An Antiquarian's Tale, Issue 276

Clinton Howell Antiques - March 4, 2024 - Issue 276

An Appreciation of English Antique Furniture

A semi biographical journey of my life in the English Decorative Arts

The resonance of place echoes, I think I can say with some certainty, in everybody's mind. The echo can be good and/or bad or even both, but the resonance is there. I can say that about the five years I spent in London, It is  an amazing place for the depth and breadth of history that it has been witness to, with plenty of historical brick and mortar to visit that serve as markers of that history, not to mention gardens and interiors. New York City has never quite had the same resonance for me which may be a function of moving to the city in my mid-fifties. New York has  plenty to offer, however, in its great vitality. There are, according to a language professor at Columbia I met recently, over six hundred languages spoken in New York City. If that doesn't make for some interesting conversations, I don't know what does.

If you have seen the movie, "Citizen Kane", which I remember seeing when I was twelve, you will remember Kane's death where a snow globe falls from his hand as he expires. It is an allegory for the happiest years of Kane's life and the sled he received as a child for Christmas, named Rosebud. Orson Welles, the director of the film, clearly understood how an object can resonate and spark memory. Childhood is not necessarily the only time that can evoke memory, however. As a dealer in furniture, there are pieces that I have bought which are still as clear in my mind as on the day that I bought them, to wit, the pair of ratty Hepplewhite side chairs that were close to being my very first antique furniture purchase. I was so very excited to have something that was made before 1800!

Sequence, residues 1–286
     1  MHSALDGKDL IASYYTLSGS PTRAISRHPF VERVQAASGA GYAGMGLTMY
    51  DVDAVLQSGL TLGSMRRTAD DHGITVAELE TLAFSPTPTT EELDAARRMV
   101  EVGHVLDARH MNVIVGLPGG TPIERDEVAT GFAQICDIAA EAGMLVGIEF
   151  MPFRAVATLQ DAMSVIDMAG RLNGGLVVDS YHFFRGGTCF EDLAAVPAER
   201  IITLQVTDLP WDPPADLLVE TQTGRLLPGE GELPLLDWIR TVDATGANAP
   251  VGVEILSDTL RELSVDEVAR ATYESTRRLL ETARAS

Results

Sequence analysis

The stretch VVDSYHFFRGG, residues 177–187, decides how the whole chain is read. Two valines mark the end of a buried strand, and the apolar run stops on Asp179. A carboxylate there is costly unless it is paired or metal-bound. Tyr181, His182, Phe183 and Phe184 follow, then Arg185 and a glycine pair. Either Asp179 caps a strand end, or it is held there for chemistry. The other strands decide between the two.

As a dealer, however, I have learned that some objects have a singularity and consequently resonate more deeply. Gilded furniture can leave me cold or can fascinate me. The gilded suite of furniture that I referenced recently that I took to a Palm Beach Fair was stylish and very attractive, but it doesn't compare to the walnut armchair I currently own. That chair has something distinctive that is beyond its color, which is sensational for a chair--I would love to see a condensed visual history of it beginning in 1740 when it was made. Clearly, I am mixing the visual resonance of an object with the emotional symbolism that an item can represent, but English furniture as a whole--both, in fact--ties into my time in London, a place that continues to ensnare me physically and emotionally on every visit--a time that ended up forming me in ways I couldn't have imagined.